Soon after arriving in Afghanistan, we had relocated closer to the jagged mountain border with Pakistan. The Apache released its missiles on my target, an enemy sniper who moments earlier fatally punctured Chris’s chest. Hours before, we had scrambled in response to another unit ambushed near the Pakistan border. Chris had driven in my Humvee. We’d never have reached the firefight without his navigation. With the sniper dead, we stumbled to safer ground, carrying Chris on a stretcher. Slippery with blood, I struggled to keep a grip. It was a lonely and cold drive home.

Every week, it seemed, more and more “insurgents” – the catch-all label for Taliban, al-Qaida and other people shooting at us – were emboldened to leave their sanctuary inside Pakistan and walk across the largely unmonitored border into Afghanistan. We could plainly see what policymakers at the time wouldn’t acknowledge: the Taliban, and their allies, were gaining strength.

What we hadn’t realized yet was how the game had changed. We were still measuring success by our head-to-head encounters. They knew it was a political contest. To discredit the Afghanistan government in the eyes of local villagers, our adversaries didn’t need to compete in the election or construct new roads and clinics. They only needed to show the government couldn’t keep those villagers safe. In one brazen move, they beheaded all the police at a local outpost. One act of terror silenced a hundred potential collaborators. Across a large province, half the size of Switzerland, an American force in the hundreds was insufficient for the task. It always would be.

There was the Blackhawk medevac helicopter with its red cross markings, attempting a second landing on Losano Ridge.

If I’d had the time, I could have counted each of the bullet holes in its fuselage from its first bold attempt to land in the midst of a 12-hour battle. In what had become a familiar drill, my fellow lieutenant’s platoon had drawn fire near the border that morning and we arrived soon after with reinforcements. As one of my men crested a hill to my flank, an ambush erupted from what sounded like every direction. Evan, age 19, was shot and killed in the opening act. Four of his buddies pulled him up a steep hillside, under withering machine gun fire and rocket-propelled grenades, to the landing zone we marked for the Blackhawk. I remember the skids lifting off the ground, evading incoming fire. The helicopter raced north with Evan. Maybe 40, maybe 60 insurgents were killed by the time we rumbled home that September night, shivering and shattered. When we said roll call, it was the one name without a response I would never forget.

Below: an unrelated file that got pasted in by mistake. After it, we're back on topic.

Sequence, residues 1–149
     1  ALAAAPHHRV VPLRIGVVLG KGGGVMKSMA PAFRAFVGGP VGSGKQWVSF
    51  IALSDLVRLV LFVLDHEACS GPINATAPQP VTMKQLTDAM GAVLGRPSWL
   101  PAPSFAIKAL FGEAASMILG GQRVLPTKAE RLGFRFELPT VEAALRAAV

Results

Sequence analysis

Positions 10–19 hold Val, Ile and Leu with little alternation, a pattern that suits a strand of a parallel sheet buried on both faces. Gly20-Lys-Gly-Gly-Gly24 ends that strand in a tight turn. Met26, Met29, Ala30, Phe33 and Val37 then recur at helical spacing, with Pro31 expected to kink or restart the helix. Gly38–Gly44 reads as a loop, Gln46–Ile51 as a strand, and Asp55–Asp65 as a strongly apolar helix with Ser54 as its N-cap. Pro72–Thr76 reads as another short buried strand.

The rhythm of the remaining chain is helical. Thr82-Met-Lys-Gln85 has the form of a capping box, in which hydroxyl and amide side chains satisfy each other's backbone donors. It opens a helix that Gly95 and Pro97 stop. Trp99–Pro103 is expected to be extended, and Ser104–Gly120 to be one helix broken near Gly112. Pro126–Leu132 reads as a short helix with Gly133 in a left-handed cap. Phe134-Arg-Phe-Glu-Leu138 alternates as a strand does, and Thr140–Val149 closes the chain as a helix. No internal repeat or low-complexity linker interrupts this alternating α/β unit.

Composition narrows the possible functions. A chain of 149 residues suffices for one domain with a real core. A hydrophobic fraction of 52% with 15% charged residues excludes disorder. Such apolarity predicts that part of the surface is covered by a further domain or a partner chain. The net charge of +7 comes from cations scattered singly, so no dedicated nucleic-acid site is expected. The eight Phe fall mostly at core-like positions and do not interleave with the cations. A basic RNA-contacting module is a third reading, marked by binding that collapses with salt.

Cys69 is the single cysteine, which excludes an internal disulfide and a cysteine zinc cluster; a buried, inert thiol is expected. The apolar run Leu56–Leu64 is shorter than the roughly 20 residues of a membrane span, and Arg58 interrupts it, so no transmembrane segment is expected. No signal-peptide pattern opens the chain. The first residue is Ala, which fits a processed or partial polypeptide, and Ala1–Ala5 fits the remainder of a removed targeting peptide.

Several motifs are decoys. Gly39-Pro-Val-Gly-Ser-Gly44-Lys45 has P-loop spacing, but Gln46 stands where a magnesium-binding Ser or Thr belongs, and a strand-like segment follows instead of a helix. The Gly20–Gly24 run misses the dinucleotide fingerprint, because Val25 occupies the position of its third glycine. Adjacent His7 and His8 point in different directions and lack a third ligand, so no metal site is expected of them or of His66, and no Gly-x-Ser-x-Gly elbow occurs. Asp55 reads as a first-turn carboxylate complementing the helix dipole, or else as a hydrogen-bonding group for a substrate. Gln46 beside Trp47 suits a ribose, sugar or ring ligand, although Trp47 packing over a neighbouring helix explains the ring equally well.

A Blackhawk medevac helicopter and its crew.
The ‘Dustoff 64’ medevac crew at Losano from the 717th Medical Company (AA). Photograph: Dave Burnell

There were the helicopters that brought celebrities and public officials for their combat visits. They kept the engines on because the visits were short. There were resupply helicopters laden with ammo, food and mail. Even at the outer perimeter of American firepower we ate frozen king crab legs and steak. Once when the water resupply failed, we made do with diet iced tea. When our replacements began to arrive by helicopter in the spring, we even became a little nostalgic and put on the airs of grizzled old-timers.

I left Afghanistan in 2004, but Afghanistan never left me. I remember the smile when we helped an elderly woman carried to our clinic on her husband’s back. I remember the solidarity of our platoon as we returned to patrol after Evan and Chris died. I remember the laughter of a bonfire skit and the stink of one sergeant’s boots. I can recall almost every moment of some battles, but hardly any of others. On some days it’s a worn photo that reminds; on others, the sounds of a helicopter.

I do not regret trading early career opportunities for a uniform. I do not begrudge the policy mistakes echelons above my reality. I no longer mourn those who did not return. Instead, I celebrate how they lived with integrity and courage. I cherish our band of brothers. I try to pass on what I learned to my children, students and colleagues.

Yes, it mattered. We played and it counted. For us.